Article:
Truth: The San Jose Sharks are not a fighting team.
Heck, they aren’t even the most physical team out on the ice most of the time.
Not that you would know that from their four-game homestand after the Olympic break, where the physicality of their play was paramount in winning three out of four to climb within two points of the Anaheim Ducks in the Pacific Division standings.
(Not that Todd McLellan thinks that catching up to the Ducks is the most important part of the team’s push towards the playoffs. More on that later.)
But the Sharks grittier style of play over the last week and a half has generated wins. It’s a style that they will hopefully maintain through the last leg of the regular season.
While the Sharks were dominant on the road — taking two out of three against the Flyers and the Devils — they appeared shaky and faltered in their first game back at the Tank against a sub-par Carolina Hurricanes squad.
Then came their come-from-behind victory over the Pittsburgh Penguins, a game peppered with more hard hits in the second period than the team tends to put on in two periods of play.
The return of Raffi Torres, of course, makes San Jose a tougher team just by being on the bench.
Team captain Joe Thornton commented on the Torres’ influence after the 5-3 win over Pittsburgh:
“Raffi had two big (hits) … You could feel the energy in the building, it really came up after that… I think everybody got into it after the big hits. We got physical and I think that totally turned the game.”
It’s fair to assume though that the Sharks wouldn’t play that tough every game headed into April. Particularly since the team will be playing nearly every other day for the remaining month, and such a schedule takes a toll on the body.
Then on Tuesday, with Torres on the bench no less, the Sharks turned up the grit factor and unleashed fury on the worn-down Toronto Maple Leafs.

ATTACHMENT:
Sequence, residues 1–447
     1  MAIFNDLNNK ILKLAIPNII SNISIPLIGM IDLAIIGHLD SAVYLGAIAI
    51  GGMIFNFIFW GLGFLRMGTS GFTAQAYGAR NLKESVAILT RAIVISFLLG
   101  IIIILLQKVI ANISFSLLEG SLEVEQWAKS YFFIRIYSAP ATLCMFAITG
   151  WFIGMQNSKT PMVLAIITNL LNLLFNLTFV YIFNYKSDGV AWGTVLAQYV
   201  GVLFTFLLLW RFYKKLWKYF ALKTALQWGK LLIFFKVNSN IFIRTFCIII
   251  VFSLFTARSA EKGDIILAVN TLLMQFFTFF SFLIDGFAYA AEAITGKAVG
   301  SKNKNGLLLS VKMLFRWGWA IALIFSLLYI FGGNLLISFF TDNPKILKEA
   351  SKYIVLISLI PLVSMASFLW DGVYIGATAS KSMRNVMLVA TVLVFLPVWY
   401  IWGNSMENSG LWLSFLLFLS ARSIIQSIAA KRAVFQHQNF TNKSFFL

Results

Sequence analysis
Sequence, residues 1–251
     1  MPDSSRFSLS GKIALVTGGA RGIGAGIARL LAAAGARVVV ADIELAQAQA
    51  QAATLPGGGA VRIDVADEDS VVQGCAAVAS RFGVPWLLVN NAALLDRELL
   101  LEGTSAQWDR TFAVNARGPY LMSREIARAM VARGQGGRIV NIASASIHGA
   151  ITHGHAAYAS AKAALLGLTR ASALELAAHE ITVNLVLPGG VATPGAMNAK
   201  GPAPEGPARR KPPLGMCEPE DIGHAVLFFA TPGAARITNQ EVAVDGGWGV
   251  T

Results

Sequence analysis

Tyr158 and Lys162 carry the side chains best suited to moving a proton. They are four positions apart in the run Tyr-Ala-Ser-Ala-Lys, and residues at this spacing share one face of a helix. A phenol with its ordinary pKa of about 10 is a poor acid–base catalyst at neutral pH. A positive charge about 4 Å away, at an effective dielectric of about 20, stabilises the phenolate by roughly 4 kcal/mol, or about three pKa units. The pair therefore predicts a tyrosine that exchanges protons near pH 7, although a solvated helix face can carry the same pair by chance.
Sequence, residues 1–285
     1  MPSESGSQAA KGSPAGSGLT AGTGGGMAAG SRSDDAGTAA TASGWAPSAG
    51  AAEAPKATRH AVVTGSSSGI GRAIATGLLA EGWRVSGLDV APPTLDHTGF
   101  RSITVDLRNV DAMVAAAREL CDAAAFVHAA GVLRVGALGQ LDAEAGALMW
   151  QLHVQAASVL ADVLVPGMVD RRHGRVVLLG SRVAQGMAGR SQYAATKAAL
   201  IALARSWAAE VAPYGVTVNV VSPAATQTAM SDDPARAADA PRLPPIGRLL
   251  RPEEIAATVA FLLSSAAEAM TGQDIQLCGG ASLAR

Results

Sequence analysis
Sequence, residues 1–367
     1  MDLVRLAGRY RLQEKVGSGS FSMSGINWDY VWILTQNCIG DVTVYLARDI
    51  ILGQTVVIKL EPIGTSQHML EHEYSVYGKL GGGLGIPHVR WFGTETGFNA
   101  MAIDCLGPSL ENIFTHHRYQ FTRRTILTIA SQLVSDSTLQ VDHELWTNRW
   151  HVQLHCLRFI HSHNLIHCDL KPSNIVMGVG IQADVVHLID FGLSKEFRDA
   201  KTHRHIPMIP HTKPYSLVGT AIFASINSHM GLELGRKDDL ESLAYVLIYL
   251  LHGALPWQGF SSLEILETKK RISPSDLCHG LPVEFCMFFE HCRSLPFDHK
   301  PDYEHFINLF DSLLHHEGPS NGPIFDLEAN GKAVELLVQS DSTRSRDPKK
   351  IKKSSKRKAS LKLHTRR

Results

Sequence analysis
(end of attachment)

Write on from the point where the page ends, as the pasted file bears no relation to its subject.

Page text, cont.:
The game not only featured more hard checks but a handful of fights, including one from young forward Tommy Wingels, who admits he isn’t much of a fighter:
“We have guys in the lineup that are willing to (fight.) We like to play fast and physical, but try to not to get caught up in those kinds of games, where there’s a lot of fights. But tonight was a little different, and I thought we handled ourselves the best we could.”
McLellan echoed the notion that the Sharks aren’t much of a “fighting” team, although thought such play was necessary:
“We have that ability. Guys take care of each other. When we have to do it, we do it. The game at 6-2, things get a bit chippy…”
So now Team Teal heads into their second-to-last road trip looking to keep the intensity at a high and to improve their position in the standings, which McLellan explains is more than just “hunting down” the Ducks:
“There’s always the talk of Anaheim, chasing them down, that type of stuff. But there’s a team in LA that’s won eight games straight and they’re going on a five game homestand. The St. Louis, the Chicagos, the Colorados, they’re all playing well. So just to keep up with the rest of the league, you have to win.”
All of which, for the record, are teams that the Sharks will face in their final stretch before the playoffs begin.
Spreading that hard-hitting mentality throughout the club will pay off, as Torres explained after the win against the Penguins:
“This is how you become a team. This is how you start knowing that you can win these kinds of games… Guys like myself, kind of the supporting cast need to create some energy for (the top lines)… I just want to make sure we get a little more physical.”